When the rest of the country hears the term "lake effect snow," I think they understand it to mean "if you live near a Great Lake, you get a shit-ton of snow for some, like, complicated meteorological reason." And then Buffalo gets a shit-ton of snow, and the national newscasters earnestly explain the science (cold mass of air moving over a warmer body of water, blah blah), and that seems to confirm it. Great Lakes = lots of snow.
But that's not the relevant fact about lake effect snow. Lake effect snow, as Cosimo says is "guerrilla snow." If most snowstorms advance like a conventional army, cutting a wide swath of destruction--worse in some places, to be sure, but leaving nothing in the region unaffected--lake effect snow comes out of nowhere and then vanishes into nowhere, targeting areas completely randomly and unpredictably.
The photos from Buffalo are jaw-dropping. But no one's showing you photos that illustrate that while some communities in or adjacent to Buffalo got several feet of snow, many of their immediate neighbors got just a few inches.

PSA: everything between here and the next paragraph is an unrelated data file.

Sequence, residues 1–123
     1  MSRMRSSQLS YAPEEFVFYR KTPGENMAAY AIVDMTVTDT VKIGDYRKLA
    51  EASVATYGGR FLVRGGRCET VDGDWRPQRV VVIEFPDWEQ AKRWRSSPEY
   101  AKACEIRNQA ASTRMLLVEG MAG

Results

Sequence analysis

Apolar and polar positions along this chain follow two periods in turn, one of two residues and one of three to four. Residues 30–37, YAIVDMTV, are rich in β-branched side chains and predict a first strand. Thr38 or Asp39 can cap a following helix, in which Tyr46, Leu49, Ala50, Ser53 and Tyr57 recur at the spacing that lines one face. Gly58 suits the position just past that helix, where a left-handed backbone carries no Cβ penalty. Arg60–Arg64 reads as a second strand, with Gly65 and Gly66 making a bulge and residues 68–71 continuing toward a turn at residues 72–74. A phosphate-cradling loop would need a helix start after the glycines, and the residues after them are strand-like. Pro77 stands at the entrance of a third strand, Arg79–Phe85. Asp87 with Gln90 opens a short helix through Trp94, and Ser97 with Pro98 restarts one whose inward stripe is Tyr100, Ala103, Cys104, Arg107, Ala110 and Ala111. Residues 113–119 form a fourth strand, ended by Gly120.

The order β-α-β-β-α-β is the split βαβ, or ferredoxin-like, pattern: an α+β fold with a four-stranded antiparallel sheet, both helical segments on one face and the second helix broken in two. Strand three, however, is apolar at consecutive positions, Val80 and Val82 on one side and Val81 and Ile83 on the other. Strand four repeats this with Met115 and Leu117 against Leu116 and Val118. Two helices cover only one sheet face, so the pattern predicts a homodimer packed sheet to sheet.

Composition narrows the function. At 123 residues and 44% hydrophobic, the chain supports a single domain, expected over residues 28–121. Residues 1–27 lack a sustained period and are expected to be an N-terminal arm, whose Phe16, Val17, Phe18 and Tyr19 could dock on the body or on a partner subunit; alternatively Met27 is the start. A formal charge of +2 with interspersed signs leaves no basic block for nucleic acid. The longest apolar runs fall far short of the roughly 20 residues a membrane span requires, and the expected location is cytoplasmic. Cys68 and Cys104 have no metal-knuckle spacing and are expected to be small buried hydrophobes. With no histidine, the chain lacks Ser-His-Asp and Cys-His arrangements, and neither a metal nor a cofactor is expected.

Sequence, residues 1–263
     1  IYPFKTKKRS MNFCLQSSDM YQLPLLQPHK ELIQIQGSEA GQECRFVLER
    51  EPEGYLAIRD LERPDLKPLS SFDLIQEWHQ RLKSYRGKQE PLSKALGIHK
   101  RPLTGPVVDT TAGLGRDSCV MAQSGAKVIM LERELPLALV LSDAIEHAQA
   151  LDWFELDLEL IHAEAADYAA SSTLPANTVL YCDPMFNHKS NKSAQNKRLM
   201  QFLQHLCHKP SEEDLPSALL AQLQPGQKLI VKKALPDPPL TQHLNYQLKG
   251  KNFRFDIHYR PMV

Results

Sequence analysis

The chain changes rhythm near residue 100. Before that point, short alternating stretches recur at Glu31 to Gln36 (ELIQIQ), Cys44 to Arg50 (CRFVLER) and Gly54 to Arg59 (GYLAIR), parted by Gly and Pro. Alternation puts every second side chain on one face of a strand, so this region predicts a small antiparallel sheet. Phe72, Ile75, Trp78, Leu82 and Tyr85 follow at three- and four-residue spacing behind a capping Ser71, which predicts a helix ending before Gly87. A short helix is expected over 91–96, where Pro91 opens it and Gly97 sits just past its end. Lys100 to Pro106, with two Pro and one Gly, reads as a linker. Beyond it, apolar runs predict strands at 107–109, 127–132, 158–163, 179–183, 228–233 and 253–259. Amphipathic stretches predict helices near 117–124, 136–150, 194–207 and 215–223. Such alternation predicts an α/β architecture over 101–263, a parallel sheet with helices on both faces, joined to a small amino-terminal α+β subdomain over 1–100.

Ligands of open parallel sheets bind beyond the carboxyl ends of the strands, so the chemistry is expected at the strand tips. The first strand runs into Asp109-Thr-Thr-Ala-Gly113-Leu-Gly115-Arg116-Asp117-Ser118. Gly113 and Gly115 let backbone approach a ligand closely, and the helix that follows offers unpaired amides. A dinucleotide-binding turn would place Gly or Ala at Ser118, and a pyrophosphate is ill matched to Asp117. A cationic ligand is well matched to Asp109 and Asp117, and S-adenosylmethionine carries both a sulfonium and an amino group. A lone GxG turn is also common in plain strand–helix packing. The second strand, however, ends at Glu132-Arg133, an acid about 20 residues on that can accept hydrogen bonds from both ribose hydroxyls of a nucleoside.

I live an hour east of Buffalo, and the portion of the Thruway that runs just 15 miles south of me has been closed for days. Reasonably enough, I've been fielding emails from family and friends wondering how many feet of snow we're under.
Let me show you (and bear in mind, this is four days' worth of accumulation):
For reference, this is Depew, less than an hour away:
(Photo credit: Derek Gee, The Buffalo News, via AP)
I'm grateful not to have been clobbered as Buffalo was, but the real menace of lake effect snow isn't the volume so much as the unpredictability. When you're driving somewhere, you can't get ahead of a storm or wait it out because you never know exactly where it's coming from.
This is what highway driving is like when you're in a region where "possible scattered lake effect storms" are predicted: dry as a bone, dry as a bone, dry as a bone, dry as a bone, WHITEOUT.